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 Post subject: Re: Perfect komi on 7x7 Go, Japanese rules
Post #9 Posted: Thu Apr 30, 2020 2:10 am 
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edit: oops, I can't count to ten. My post doesn't make sense.


I believe the miraculous stuff already happens within Chinese rules: Without komi, the score difference between the players is usually odd, so it should not make a difference, whether komi 7.5 or 8.5 is used.

Since it does make a difference for katago, something mighty interesting seems to be there. And that something will most probably also explain the shift when using Japanese rules.

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 Post subject: Re: Perfect komi on 7x7 Go, Japanese rules
Post #10 Posted: Mon May 04, 2020 12:03 am 
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Li Zhe says that his analysis intends to distinguish between B+8 and B+9 (i.e. if black gets the last dame to achieve B+9, Li will count this as B+8, as in Japanese rules), although he will use the Chinese rules in case of seki. He reached the conclusion of B+9 in the article, but according to some comments in the aforementioned videos, he has admitted his omission of this variation and believes that B+8 should be correct.


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 Post subject: Re: Perfect komi on 7x7 Go, Japanese rules
Post #11 Posted: Tue May 19, 2020 1:56 pm 
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Magicwand wrote:
7x7 has been solved already by brute force method by computer.

is there a link?

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 Post subject: Re: Perfect komi on 7x7 Go, Japanese rules
Post #12 Posted: Tue May 19, 2020 2:20 pm 
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As I mentioned above, I think not even 6x6 has been fully rigorously proven, so I think any claimed 7x7 solution is more like "all the human and computer effort invested so far hasn't found anything better, but there's always a chance we missed something" rather than "we know for sure and have proven it". I'd be doubtful that anyone has a true brute force 7x7 solution - maybe Magicwand was thinking of Li Zhe's work, which maybe did use computers a lot to help out analysis?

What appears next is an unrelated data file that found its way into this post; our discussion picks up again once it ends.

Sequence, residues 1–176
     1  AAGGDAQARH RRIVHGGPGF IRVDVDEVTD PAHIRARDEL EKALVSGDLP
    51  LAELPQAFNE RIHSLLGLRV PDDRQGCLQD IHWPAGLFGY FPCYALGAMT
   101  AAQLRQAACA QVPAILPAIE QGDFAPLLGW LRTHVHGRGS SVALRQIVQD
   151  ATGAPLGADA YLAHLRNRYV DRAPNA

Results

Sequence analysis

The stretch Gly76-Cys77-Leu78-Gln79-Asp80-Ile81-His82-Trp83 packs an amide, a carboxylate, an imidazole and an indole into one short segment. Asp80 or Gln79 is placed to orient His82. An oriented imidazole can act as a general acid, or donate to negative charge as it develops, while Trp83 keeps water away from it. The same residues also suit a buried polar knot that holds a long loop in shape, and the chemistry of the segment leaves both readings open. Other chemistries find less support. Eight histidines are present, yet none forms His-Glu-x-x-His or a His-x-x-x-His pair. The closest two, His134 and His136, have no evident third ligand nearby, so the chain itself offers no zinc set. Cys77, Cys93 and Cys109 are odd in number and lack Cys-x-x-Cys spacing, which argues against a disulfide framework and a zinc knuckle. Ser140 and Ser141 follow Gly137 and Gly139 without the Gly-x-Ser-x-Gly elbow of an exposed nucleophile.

The latest word on rigorous proofs that I know of is still here, back in 2009, solving up to 5x6:
http://erikvanderwerf.tengen.nl/mxngo.html

It would be really cool to see more recent work, if someone knows of any. And if miraculously someone actually somehow brute-forced 7x7 :o I agree, a link to that would be cool too. :)

Anyways, for 7x7 it seems like it stands at B+9 for Chinese (due to Li Zhe and also earlier work by other human professionals and amateurs) and B+8 for Japanese (with KataGo's improvement), but still nobody can be sure if another improvement could be found in either case for either player. Fully rigorous solution is probably out of the question.


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 Post subject: Re: Perfect komi on 7x7 Go, Japanese rules
Post #13 Posted: Tue May 19, 2020 3:26 pm 
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By the way, this is maybe a bit overdue, but here's the solution to Question 1, the "easy" question, posed in the initial post.

Click Here To Show Diagram Code
[go]$$Wc First move.
$$ ---------------------------------------
$$ | . . . . . . . |
$$ | . . . . X . . |
$$ | . . O O X . . |
$$ | . . O X 1 . . |
$$ | . . O X . . . |
$$ | . O X X . . . |
$$ | . . . . . . . |
$$ ---------------------------------------[/go]


What is the most basic meaning of this move, why does this cut help white?

Click Here To Show Diagram Code
[go]$$Wc If black simply captures it...
$$ ---------------------------------------
$$ | . . . . . . . |
$$ | . . . . X . . |
$$ | . . O O X . . |
$$ | . . O X 1 2 . |
$$ | . . O X 3 a . |
$$ | . O X X . . . |
$$ | . . b . . . . |
$$ ---------------------------------------[/go]


Now if Black responds at "a", White "b" will become sente, giving White enough points. So of course Black plays the other way.